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Rochester Drug Cooperative, a large pharmacy wholesaler accredited by the National Association of Boards of Pharmacy (NABP), pleaded guilty last week to illegal sales of opioid drugs, including oxycodone and fentanyl. The NABP operates a program called Verified Authorized Wholesale Distribution (VAWD). According to its website, NABP VAWD accreditation helps “ensure that the wholesale distribution facility operates legitimately, is licensed in good standing, and is employing security and best practices for safely distributing prescription drugs from manufacturers to pharmacies and other institutions.”

The nation’s largest pharmacy wholesalers, McKesson, Amerisource Bergen, and Cardinal Health – companies with many NABP-accredited facilities – have all paid fines related to civil or criminal charges of illegal opioid drug sales, including fentanyl. Along with large drug companies, like Purdue Pharma, Johnson & Johnson, and Insys Therapeutics, the main arteries of American’s “legitimate” drug distribution supply chain are accused of causing the opioid epidemic with 218,000 opioid-related deaths over the last 20 years.

NABP’s VAWD criteria state that:

“Qualifying wholesale distributors shall provide information to verify that:

  1. The wholesale distributor’s designated representative has not been enjoined, disciplined, fined, punished, or the like for violating any federal or state laws regulating prescription drugs or devices.
  2. The wholesale distributor’s designated representative has not been found guilty, pled guilty, or pled nolo contendere to any criminal offense.”

In 2015, Rochester Drug Cooperative admitted to illegal sales of opioid drugs to the DEA and paid civil fines of $360,000 to settle, according to the USA Today’s the Democrat and Chronicle. Despite the admitted serious violations, the NABP accredited Rochester Drug Cooperative in 2017.

Rochester Drug Cooperative appears to violate these VAWD criteria, but I can’t know for sure because NABP’s VAWD criteria singles out the wholesaler’s “designated representative” as the one who cannot be under legal sanction – and presumably that person can be quickly replaced. As seen on the NABP VAWD website today, Rochester Drug Cooperative remains accredited by the NABP, as do most wholesalers operated by McKesson, Amerisource Bergen, and Cardinal Health.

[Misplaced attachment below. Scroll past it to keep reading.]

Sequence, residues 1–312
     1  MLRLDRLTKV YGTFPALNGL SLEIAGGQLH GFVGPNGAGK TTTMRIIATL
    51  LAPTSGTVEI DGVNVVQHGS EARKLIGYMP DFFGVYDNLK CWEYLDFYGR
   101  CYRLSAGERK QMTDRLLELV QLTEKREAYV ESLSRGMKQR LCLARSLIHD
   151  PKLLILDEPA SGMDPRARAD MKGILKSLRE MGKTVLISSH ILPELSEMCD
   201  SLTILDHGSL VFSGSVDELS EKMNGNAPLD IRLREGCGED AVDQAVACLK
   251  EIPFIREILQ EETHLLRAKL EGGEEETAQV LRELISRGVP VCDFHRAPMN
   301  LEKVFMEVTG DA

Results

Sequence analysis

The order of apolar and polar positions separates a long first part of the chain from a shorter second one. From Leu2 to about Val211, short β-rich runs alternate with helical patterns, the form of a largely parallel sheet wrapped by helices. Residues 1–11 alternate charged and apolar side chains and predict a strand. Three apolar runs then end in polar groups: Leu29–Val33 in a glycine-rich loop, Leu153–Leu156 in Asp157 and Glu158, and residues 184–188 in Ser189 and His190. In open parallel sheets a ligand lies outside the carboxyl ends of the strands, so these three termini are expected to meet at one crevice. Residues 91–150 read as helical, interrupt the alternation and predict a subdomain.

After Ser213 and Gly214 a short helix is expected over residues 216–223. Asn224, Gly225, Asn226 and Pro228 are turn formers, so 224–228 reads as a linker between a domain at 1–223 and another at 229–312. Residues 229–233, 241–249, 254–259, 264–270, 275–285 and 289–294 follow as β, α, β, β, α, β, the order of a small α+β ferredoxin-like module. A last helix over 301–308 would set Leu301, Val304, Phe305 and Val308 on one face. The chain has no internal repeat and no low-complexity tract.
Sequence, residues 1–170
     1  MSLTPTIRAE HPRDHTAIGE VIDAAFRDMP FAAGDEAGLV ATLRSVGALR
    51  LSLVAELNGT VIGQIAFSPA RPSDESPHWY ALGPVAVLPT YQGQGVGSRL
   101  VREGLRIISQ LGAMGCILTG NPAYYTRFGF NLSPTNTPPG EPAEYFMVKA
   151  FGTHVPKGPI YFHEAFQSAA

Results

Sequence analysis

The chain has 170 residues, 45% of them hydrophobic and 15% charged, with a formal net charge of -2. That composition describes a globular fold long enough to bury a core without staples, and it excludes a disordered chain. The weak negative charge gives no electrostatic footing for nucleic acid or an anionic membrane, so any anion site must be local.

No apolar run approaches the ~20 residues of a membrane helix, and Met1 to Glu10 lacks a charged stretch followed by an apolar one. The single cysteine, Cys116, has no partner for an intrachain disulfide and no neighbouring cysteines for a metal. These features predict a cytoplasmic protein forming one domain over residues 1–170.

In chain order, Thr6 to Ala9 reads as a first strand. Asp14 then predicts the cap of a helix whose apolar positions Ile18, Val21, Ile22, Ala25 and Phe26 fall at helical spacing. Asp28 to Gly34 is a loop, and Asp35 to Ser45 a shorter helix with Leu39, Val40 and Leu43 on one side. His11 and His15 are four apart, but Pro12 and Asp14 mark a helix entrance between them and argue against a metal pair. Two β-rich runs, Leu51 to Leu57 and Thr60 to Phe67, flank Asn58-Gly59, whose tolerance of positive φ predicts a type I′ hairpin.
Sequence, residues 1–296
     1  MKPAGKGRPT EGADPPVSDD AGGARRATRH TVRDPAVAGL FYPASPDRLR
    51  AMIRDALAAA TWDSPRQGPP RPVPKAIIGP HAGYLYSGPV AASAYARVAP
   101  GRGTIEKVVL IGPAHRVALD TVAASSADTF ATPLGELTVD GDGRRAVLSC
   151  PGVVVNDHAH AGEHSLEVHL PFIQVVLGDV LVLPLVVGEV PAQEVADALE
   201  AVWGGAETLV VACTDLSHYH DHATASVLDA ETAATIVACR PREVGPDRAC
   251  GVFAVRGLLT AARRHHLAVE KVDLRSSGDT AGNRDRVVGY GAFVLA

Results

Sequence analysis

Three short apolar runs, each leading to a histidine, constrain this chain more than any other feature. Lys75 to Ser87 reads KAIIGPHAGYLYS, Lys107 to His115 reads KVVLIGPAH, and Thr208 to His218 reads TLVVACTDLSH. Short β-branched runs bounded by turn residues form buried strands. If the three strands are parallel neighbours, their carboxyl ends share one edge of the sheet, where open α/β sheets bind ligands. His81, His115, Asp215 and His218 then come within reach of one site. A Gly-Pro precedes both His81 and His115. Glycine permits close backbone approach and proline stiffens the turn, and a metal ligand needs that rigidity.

NABP maintains the accreditation of Rochester Drug Cooperative, a company responsible for illegally distributing opioids.

Why is the NABP maintaining the accreditation of the companies in the drug supply chain most responsible for illegally distributing opioids?

I believe it’s because the NABP, in representing the interests of the U.S. state pharmacy boards, which regulate drug wholesalers, has serious conflicts of interest.

It seems that these same conflicts spill over into NABP’s public education campaigns and consumer warnings about online pharmacies; and public policy positions on prescription drug importation. 

When it comes to the opioid epidemic and other public health threats, the NABP has focused a lot of attention and resources on the Internet and the dangers of prescription drug importation. It does so in part through drug company-funded public education efforts to warn patients to stay away from websites on its NABP Not Recommended List. That list not only includes many thousands of dangerous websites, but also online pharmacies in Canada and other countries that require valid prescriptions and don’t sell opioids at all—but do sell regular medicines at much lower cost. Opioid sales online, especially fentanyl ingredients, which are then used to make counterfeit drugs, are a serious problem. However, according to government data, the Internet has had very little to do with illegally obtained opioids and certainly didn’t cause the opioid epidemic.

The NABP has taken lots of money from drug companies over the years, including those most implicated in the opioid crisis. In 2011, Purdue Pharma gave a grant of $1 million to the NABP to help states address the problem of “doctor shopping” in which addicts seek out multiple doctors to obtain prescriptions for narcotic drugs. Purdue and its executives now face 1,500 civil cases for the role they played in the opioid epidemic.

At the time of this writing, the former CEO of Rochester Drug Cooperative, Laurence F. Doud III, who, unlike the company and other executives, is pleading not guilty (but is innocent until proven otherwise), may be the first drug executive to serve time in prison. Drug company executives, such as Insys Therapeutics founder John Kapoor, may also face jail time for their roles in causing the opioid epidemic.

Washington Post journalist Robert Gebelhoff writes:

“We won’t solve our opioid crisis by putting drug executives in prison. But we might find hope in these small acts of justice. Perhaps such sentences will be the chemotherapy that begins to treat the whole drug supply chain’s cancerous complicity.”

In considering the reality of who really caused the opioid epidemic, contributing to the deaths of hundreds of thousands of people, perhaps the NABP should be warning the public about its own accredited companies and the funders of its Internet pharmacy programs.

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